Art by Sophie Starzenski
Project: The space in between
It always happens to me while seeing an image, a landscape, a moment… or just seeing something that I find difficult to explain, a situation that I find inexplicably beautiful. I’m not talking about the beauty of it’s colours or it’s shapes – I’m talking about something different. Something that resonates within us. That beauty depends on the observer, or you could say that it depends on the resonance of the receiver. With time, I could define it this way. Before I used to say what moved me to take certain photos was the space in between the matter.
Leap of Faith
Deborah L. Blicher
From Mom Egg Review Vol. 13
The little boy I hope will become my son lines up his scuffed shoes on the edge of the sandbox, gauging the distance to the ground. It’s sixty degrees out, but like all the children I have seen in this Russian city, he’s overdressed to my American eye. Between his striped, knitted cap and puffy blue coat, I can hardly see his face. We speak different languages, but as far as I can tell, he hates me.
The boy, whose name in Misha, is two and a half, with feathery blond eyebrows and merry eyes. Four days ago, my husband Peter and I met him and his sister at their orphanage. The children smiled up at us in the entryway decorated with finger paintings. When their caregiver Anna introduced us–as friends, not yet as parents–they giggled and scrambled down the hall. Smitten, we followed. They rolled trucks at us across the living room carpet. We had a pretend tea-party on the floor and a real one at the table. When Misha vaulted onto the couch and unfurled his body into a magnificent headstand, Anna instructed him to come down. Like every two year old in the world, he refused, so she carried him to the time-out chair.
Over the last three days, the children have sought increasing intimacy with us: holding our hands, daring us to chase them, imitating our English. Yesterday, they ran down the hall in their socks to greet us with outstretched arms. This morning, however, our final visit, they seem subdued. Misha’s sister Katja gravely takes Peter’s hand and leads him to the playground sandbox. Misha doesn’t follow. I walk him to the jungle-gym, which he climbed yesterday with joyful grace. Today he climbs grudgingly. He lets his fingers slip and watches me catch him, and he squawks if I stand too close. I feel he’s wondering both, “Will you keep me safe?” and “Will you give me freedom?”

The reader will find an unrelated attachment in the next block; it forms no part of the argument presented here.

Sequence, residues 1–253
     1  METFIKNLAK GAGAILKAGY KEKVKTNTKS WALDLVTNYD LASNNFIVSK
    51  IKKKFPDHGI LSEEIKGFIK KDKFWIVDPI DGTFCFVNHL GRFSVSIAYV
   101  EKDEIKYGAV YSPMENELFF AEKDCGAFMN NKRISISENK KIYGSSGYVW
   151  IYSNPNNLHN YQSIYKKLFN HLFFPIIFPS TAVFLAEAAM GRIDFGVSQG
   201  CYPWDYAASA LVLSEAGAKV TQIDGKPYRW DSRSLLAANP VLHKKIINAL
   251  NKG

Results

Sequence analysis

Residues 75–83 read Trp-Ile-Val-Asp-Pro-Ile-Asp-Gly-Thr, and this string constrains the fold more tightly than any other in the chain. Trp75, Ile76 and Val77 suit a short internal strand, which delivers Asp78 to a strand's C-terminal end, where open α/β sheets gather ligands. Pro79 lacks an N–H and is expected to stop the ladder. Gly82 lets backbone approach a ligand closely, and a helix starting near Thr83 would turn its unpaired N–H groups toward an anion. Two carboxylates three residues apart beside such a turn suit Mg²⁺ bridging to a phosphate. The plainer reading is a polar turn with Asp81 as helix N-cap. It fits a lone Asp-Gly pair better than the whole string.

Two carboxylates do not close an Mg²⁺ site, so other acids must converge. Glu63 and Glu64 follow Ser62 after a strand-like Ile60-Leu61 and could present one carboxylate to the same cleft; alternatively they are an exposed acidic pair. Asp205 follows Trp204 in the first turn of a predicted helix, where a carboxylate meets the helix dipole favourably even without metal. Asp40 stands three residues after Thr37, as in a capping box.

I decide to try the swing, which he loved yesterday. He faces away from me as I carry him and slumps with apathy when I push him. From behind the swing, I ask whether he’s all right: “Te harasho?” He turns one round ear towards me but won’t reply. When I walk around to the front of the swing, he searches my face a long time.
Back at the sandbox, Peter and Katja have built a row of sandcastles. Peter is earnestly and slowly counting them for her in English. The expression on Katja’s sharp-chinned face suggests she’d like to have him committed. When I set Misha beside her, he turns his back on me and starts singing with a songbird’s loveliness. Then he extends a flattened palm and wipes out the sand-castle I’m building.
Finally I understand. Someone’s explained to the children that Peter and I want to adopt them, taking them away from the life they know. Misha is not angry with Peter because Peter won’t replace a father figure, but he’s angry with me because I’ll replace Anna, the only mother he knows.
His loss staggers me.
My instinct is to offer love and wait. I begin by heaping up sand-castles for him to smash.
Soon, it will be time for us to go inside. Peter and I will remove the children’s coats in the entryway and line up their shoes next to ours. We’ll share cake and tea. Katja will pour out pretend tea. Then Peter and I will sign documents stating our intention to adopt.
I stand up, brushing off sand. Peter scoops up Katja. Misha climbs onto the edge of the sandbox and gauges the distance to the ground. I don’t reach out to help him. I know he doesn’t trust me, the usurper.
He slides his eyes to me for a moment. I resist every urge. Then he puts his hand into mine, grips hard, and jumps.
Deborah L. Blicher is a Boston-area essayist, editor, and coach. Her work has appeared in Brain, Child; Lilith; and The Boston Globe Magazine. Her website (always in progress) is http://www.deborahblicher.org.
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